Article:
Understanding Policy Priorities for the 21st Century
This research program studies the emerging technology-driven global health economy in which purely national health policies are often no longer fully effective, nor efficient.
Drawing on an international network of economists and leading medical researchers, including the DFG-funded excellence cluster "Inflammation at Interfaces," we identify salient examples of underinvestment in health that characterize the global health economy and propose solutions, such as improved international coordination in the provision of health-related global public goods and more efficient exploitation of increasing returns to scale in the diffusion and adoption of medical technology, including new medical knowledge generally. These solutions are meant to help implement incentives in the generation and utilization of medical technology that are optimal from a global perspective, taking into account local preferences and values that influence the practice of medical decision making.
Healthcare technologies, such as new drugs and medical devices, are often developed, produced, disseminated and adopted under strongly increasing returns to scale. As globalization increases the scale, it tends to boost innovators’ incentives and can help make more of these technologies accessible to increasing numbers of patients worldwide. Yet many countries still pursue national health policies that aim to limit healthcare spending without proper consideration of the true value of gains in longevity and quality of life that new healthcare technologies can afford. Such policies may include arbitrary price controls or explicit access restrictions.
Our research aims to provide a better understanding of how private and public investments in health can be made more efficient and access barriers to knowledge and new technologies be reduced. Identifying the best policies to square efficiency with equity in access and opportunity will help to turn the global health economy into a potent driving force of economic development, growth and convergence of living standards in the 21st century. European health policy, with its dual emphasis on equity and efficiency, may well become a model for the development of health systems in other parts of the world, especially in Asian countries with a similar preference for social cohesion.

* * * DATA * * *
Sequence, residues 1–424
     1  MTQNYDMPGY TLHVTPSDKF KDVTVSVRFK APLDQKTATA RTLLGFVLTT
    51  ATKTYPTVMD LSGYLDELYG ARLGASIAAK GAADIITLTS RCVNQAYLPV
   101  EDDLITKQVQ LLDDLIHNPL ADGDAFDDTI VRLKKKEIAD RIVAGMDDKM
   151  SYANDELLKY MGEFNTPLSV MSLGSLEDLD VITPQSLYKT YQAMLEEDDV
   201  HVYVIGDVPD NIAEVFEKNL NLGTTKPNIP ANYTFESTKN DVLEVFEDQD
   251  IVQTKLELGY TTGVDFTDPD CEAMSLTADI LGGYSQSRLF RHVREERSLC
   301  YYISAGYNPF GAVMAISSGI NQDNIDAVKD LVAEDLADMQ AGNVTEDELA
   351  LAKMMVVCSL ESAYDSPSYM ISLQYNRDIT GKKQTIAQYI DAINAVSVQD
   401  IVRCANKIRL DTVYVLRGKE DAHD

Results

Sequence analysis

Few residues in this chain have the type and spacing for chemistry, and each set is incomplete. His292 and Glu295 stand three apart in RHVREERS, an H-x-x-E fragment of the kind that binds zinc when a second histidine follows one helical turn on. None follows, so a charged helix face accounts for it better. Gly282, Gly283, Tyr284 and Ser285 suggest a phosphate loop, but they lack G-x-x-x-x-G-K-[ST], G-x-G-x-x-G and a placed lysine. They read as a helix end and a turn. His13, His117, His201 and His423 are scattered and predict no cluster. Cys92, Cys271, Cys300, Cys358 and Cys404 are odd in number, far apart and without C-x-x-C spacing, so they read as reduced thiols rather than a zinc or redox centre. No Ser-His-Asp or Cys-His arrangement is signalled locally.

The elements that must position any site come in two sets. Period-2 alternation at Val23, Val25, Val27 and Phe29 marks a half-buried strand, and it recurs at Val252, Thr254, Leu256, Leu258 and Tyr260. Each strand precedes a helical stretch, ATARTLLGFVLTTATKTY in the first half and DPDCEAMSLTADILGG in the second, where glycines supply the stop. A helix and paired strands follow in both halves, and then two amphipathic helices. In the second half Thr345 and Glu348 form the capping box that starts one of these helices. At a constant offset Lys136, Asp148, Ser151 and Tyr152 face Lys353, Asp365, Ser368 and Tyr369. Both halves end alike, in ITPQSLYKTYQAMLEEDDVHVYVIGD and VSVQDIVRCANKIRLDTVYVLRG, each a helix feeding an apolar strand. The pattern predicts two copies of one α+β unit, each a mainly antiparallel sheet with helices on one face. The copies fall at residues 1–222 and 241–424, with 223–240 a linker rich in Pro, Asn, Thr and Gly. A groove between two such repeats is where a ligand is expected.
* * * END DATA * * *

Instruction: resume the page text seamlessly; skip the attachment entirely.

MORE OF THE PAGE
Networking, knowledge transfer and policy advice
Our dissemination strategy comprises policy clinics, aimed at the policy-making community, as well as international workshops and research conferences, aimed at the academic community. These high-level research events include the “ESF-IfW Conferences on The Global Health Economy.” We also present our findings at important third-party events, such as the biannual World Congress on Health Economics of the International Health Economics Association, the World AIDS Conference of the International AIDS Society and the Tokyo Fiscal Forum of the International Monetary Fund.
Our conference series on the global health economy included the DFG-funded international research conference on “NEW TECHNOLOGY AND NATIONAL HEALTH SYSTEMS” in 2005, accompanied by the first European Doctoral Workshop on “Health Economics, Social Medicine and Health Policy,” as well as several much larger ESF-IfW Research Conferences that were organized in a Partnership between the European Science Foundation (ESF), the Kiel Institute for the World Economy, and Schleswig-Holstein’s DFG-funded biomedical research cluster of excellence „Inflammation at Interfaces". See
These large “ESF-IfW Conferences on the Global Health Economy” included:
- NEW TECHNOLOGY AND MEDICAL DECISION MAKING: NORMATIVE MODELS AND EMPIRICAL PRACTICE chaired by Uwe Siebert (Harvard Medical School and UMIT Department of Public Health, Medical Decision Making and HTA at Hall/Innsbruck, Austria) and Peter Zweifel (Universität Zürich Sozialoekonomisches Institut, Zürich, Switzerland) in 2006,
- THE INTERNATIONAL REGULATION OF NEW MEDICAL TECHNOLOGY: HEALTH TECHNOLOGY ADOPTION IN THE EUROPEAN UNION, NORTH AMERICA, EAST ASIA, AND IN THE DEVELOPING WORLD chaired by Finn Børlum Kristensen (Danish Centre for Evaluation & Health Technology Assessment National Board of Health, Islands, Copenhagen, Denmark) and Lise Rochaix (Collège de la Haute Autorité de Santé Commission Evaluation des Stratégies de Santé (E2S), Saint-Denis la Plaine, France) in spring 2007, and
- THE GLOBAL ORGANISATION OF BIOMEDICAL INNOVATION: FUNDING, INTELLECTUAL PROPERTY RIGHTS, INCENTIVES AND THE DIFFUSION OF NEW TECHNOLOGY chaired by Frederic M. Scherer (Harvard University John F. Kennedy School of Government, Cambridge, United States) and M.N. Graham Dukes (Oslo University Faculty of Medicine Unit for Drug Policy Studies, Oslo, Norway) in the fall of 2007.